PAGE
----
Sweet talk, toy soldiers and postage stamps
Happy Christmas and holidays from the Darwin Stamp Zoo team.
Much of our Modern Christmas dates back to Victorian times and Mr Dickens. Darwin is known to have read early Dickens books with his young wife Emma. Darwin was very much a family man, and loved playing with his children. (Read Annie’s Box by Randal Keynes and weep!) He was far from the stern, strict, distant , dictatorial Victorian dad we typecast Victorian men as being.
As well as collecting Christmas stamps and Christmas cards (invented by Henry Cole in the 1840s) you could spend your Christmas telling or reading ghost stories, watch a Christmas Carol by Charles Dickens at the cinema (invented by Victorians) or look out for Oliver! on television. There are Cranford Christmas specials (Victorian 1840s Northern life by Mrs. Gaskell) or the wonderful BBC Victorian Farm series of Christmas specials.
As with Darwin, there are lots of stamp issues of Dickens and a bicentenary coming up in 2012. Another chance to use the Darwin stamp book resource and teaching tips – Dickens and Darwin make a fascinating comparison timeline of rich and poor.
To keep busy at Christmas, three ideas from the Darwin Stamp Zoo team
adapted from the DFEE / DCSF parents as partners leaflets
Recipe and ideas adapted by the Darwin 200 stamp zoo team from http:// www.parents.dfee.gov.uk/discover (original weblink sadly no longer available)
Victorian children didn’t have radios, TVs, videos or computers – they had to make their own entertainment. Your child might be surprised how many familiar toys and games date back to Victorian times.
Street games were popular with poorer Victorian children, including hopscotch, football and clapping and skipping games. Middle-class children played with hobby-horses, dolls, toy soldiers, and paints and wax crayons. Board games like ‘Ludo’ and ‘Snakes and Ladders’ were also well-liked.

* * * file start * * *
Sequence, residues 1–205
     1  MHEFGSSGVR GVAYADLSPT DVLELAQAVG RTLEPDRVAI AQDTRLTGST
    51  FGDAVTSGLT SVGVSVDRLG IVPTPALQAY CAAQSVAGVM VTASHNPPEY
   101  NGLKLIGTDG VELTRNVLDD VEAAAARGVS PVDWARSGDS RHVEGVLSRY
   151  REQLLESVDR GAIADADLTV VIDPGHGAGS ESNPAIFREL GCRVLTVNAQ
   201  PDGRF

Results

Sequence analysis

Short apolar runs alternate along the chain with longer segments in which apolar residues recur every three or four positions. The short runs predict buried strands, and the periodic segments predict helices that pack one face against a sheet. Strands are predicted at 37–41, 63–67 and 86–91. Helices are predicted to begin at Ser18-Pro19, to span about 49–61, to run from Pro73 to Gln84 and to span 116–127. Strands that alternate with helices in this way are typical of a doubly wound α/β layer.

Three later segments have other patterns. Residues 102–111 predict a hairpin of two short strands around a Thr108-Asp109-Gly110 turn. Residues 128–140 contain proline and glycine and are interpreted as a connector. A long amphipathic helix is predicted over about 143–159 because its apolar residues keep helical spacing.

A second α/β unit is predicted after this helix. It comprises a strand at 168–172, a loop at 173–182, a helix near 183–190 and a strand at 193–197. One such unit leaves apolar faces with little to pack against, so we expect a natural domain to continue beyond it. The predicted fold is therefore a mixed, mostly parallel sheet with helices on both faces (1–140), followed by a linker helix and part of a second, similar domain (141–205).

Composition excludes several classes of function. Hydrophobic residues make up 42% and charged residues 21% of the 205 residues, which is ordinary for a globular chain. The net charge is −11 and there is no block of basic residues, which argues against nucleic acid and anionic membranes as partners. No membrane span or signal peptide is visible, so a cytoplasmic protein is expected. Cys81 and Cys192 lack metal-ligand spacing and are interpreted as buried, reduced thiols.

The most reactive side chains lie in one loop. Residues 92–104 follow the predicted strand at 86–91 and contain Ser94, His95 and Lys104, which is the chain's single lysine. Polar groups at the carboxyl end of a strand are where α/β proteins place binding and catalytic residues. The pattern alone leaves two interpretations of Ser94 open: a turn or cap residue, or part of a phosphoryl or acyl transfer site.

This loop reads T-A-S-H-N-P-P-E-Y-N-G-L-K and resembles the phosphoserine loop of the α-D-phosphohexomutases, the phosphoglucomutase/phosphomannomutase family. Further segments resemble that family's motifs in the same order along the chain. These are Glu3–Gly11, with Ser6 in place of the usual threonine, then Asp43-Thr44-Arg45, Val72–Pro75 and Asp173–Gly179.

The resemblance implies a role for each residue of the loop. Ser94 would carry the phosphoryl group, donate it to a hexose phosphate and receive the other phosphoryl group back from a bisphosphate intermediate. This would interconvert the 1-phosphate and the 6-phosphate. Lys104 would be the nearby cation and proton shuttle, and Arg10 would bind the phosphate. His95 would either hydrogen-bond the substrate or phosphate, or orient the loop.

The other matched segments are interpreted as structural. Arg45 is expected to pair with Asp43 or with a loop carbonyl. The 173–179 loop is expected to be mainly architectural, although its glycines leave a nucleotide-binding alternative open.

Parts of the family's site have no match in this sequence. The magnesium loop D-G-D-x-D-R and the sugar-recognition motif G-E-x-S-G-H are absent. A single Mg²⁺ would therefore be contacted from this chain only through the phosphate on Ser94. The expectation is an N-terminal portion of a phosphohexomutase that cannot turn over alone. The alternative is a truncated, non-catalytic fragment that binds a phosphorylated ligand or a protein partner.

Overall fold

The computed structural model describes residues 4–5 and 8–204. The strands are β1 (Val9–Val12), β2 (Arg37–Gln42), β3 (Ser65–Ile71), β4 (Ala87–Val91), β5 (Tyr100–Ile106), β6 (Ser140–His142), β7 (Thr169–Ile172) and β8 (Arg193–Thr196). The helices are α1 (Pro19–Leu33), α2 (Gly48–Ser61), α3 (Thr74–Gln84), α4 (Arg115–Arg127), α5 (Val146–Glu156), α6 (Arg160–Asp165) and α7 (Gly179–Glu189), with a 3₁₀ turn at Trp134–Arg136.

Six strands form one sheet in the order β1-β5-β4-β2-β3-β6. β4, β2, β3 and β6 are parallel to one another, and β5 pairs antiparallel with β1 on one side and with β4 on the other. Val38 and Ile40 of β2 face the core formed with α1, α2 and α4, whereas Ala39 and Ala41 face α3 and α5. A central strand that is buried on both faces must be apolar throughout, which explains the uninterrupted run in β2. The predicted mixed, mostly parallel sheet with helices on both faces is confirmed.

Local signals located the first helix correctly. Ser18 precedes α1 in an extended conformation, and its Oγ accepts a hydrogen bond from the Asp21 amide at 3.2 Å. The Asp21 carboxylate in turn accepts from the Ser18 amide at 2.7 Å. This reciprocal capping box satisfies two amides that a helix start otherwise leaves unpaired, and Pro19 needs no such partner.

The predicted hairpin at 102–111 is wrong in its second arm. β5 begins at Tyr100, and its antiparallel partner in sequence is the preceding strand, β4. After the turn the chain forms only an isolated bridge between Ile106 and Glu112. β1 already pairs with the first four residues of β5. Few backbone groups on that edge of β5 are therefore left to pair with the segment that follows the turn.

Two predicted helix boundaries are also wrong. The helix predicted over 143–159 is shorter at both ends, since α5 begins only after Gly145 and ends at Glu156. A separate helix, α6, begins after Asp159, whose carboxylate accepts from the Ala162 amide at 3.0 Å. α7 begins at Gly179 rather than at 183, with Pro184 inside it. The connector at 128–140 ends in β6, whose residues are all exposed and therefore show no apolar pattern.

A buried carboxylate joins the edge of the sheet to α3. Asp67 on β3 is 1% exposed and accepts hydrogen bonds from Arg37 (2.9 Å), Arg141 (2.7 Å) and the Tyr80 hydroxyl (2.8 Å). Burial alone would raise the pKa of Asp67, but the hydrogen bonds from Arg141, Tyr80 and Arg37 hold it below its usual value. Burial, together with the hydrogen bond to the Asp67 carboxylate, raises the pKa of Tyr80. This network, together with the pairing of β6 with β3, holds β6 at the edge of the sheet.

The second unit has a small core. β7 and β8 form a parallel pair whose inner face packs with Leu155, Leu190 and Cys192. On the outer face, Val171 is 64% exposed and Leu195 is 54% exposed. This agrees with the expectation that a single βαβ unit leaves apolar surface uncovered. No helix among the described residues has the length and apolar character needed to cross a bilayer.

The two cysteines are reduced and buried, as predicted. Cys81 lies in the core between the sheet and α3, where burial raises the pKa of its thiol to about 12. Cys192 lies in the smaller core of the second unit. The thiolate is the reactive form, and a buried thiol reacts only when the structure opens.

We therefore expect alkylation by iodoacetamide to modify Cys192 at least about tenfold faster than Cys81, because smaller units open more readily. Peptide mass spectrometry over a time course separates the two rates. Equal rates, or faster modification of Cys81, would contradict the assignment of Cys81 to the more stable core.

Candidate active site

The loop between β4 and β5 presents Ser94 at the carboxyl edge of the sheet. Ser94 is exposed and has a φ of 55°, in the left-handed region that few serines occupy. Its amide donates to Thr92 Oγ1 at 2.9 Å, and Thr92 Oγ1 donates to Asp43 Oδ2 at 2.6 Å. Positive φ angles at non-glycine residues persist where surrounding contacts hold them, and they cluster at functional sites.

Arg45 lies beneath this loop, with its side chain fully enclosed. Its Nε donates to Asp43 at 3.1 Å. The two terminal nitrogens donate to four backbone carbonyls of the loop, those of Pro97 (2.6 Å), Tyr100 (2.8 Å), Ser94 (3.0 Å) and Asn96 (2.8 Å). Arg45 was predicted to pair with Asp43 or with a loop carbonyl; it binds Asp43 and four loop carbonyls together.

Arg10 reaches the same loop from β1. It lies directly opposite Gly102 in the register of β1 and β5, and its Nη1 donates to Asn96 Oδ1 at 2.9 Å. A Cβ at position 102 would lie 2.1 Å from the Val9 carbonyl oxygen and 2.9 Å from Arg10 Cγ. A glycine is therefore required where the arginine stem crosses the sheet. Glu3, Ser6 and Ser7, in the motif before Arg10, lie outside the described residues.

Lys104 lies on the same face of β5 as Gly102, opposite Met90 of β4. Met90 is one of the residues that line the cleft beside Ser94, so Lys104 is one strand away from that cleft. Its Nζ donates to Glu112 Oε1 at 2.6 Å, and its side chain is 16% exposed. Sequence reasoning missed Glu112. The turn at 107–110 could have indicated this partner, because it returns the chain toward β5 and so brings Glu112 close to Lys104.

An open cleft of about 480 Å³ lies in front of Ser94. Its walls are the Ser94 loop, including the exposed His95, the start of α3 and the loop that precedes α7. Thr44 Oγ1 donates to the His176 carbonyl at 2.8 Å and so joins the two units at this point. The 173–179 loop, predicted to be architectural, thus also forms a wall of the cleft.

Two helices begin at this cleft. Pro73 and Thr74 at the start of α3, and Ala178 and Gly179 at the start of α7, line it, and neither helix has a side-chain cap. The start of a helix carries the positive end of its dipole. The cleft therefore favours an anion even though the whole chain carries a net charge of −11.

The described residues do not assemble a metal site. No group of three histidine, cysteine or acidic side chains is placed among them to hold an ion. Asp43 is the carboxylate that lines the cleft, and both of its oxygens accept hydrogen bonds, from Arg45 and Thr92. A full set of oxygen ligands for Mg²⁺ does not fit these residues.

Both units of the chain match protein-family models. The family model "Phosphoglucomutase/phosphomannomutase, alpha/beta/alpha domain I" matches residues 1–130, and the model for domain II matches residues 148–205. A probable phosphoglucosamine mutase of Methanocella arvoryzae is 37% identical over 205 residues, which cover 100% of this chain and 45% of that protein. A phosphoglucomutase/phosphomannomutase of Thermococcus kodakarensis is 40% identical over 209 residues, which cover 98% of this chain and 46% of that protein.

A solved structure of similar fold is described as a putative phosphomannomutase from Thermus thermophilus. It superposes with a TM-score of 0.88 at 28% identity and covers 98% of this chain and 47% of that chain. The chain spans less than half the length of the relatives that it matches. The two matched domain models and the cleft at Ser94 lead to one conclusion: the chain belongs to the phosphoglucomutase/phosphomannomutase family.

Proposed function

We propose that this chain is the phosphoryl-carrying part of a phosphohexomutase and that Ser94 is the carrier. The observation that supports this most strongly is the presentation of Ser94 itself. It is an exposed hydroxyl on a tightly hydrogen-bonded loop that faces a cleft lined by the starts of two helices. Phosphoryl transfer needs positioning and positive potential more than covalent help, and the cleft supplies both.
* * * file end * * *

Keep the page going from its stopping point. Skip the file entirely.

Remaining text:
Why don’t you and your child have a Victorian games day? Try managing without any modern forms of entertainment and play with more traditional toys and games.
- What did you both enjoy most about the day?
- What did you find difficult?
Many people in Victorian times lived in homes without any of the modern comforts we take for granted today. People had to manage without central heating or hot water from the tap – instead they had open fires and heated water on a big cooker called a range. Without vacuum cleaners or washing machines, looking after the home was very hard work.
Help your child to imagine what it would have been like to live in Victorian times.
• How would they like to have a bath in a metal tub in front of the kitchen fire?
• What would it be like to have to go to the toilet outside after dark?
• How would they like playing with toy soldiers instead of computer games? Would they enjoy having to do some sewing instead of watching T V ?
Go around the house with your child and make a list of all the things that Victorian families wouldn’t have had. Then talk with them about what people in Victorian times might have used to do the same job.
Richer Victorian housewives had plenty of different types of food to choose from and some famous recipe books to help them – one of the best known was by Mrs Beeton.
Here is a Victorian recipe for Gingerbread Men – a treat still enjoyed by children today. Why don’t you try making this?
Darwin Stamp Zoo’s Recipe for GINGERBREAD POST MEN or GINGERBREAD DARWINS
- 250g self-raising flour
- a knob of butter
- 1 tablespoon sugar
- 2 egg yolks
- 1 egg white
- 1 teaspoon ground ginger
- raisins/candied peel
- icing (optional)
1. Heat the oven to 180°C (gas mark 4).
2. Mix everything except the raisins/peel in a bowl.
3. When the ingredients have come together into a solid mixture, roll it out onto a floured surface.
4. Cut into shapes using a gingerbread cutter. How about postmen, square postage stamps, pillar boxes, letters and other Victorian shapes or images?
5. Use the raisins and peel to make eyes and noses.
6. Bake the biscuits on a greased tray for 10 to 15 minutes.
7. When cool, eat or decorate with icing (optional). A nice white beard for Mr Darwin perhaps.
To avoid suitably Victorian hygiene and health and safety issues and avoid a trip to your local hospital (probably established in Victorian times), be careful when working with hot ovens and baking trays.
Clean your hands before cooking and eating. You’re not a Victorian street urchin!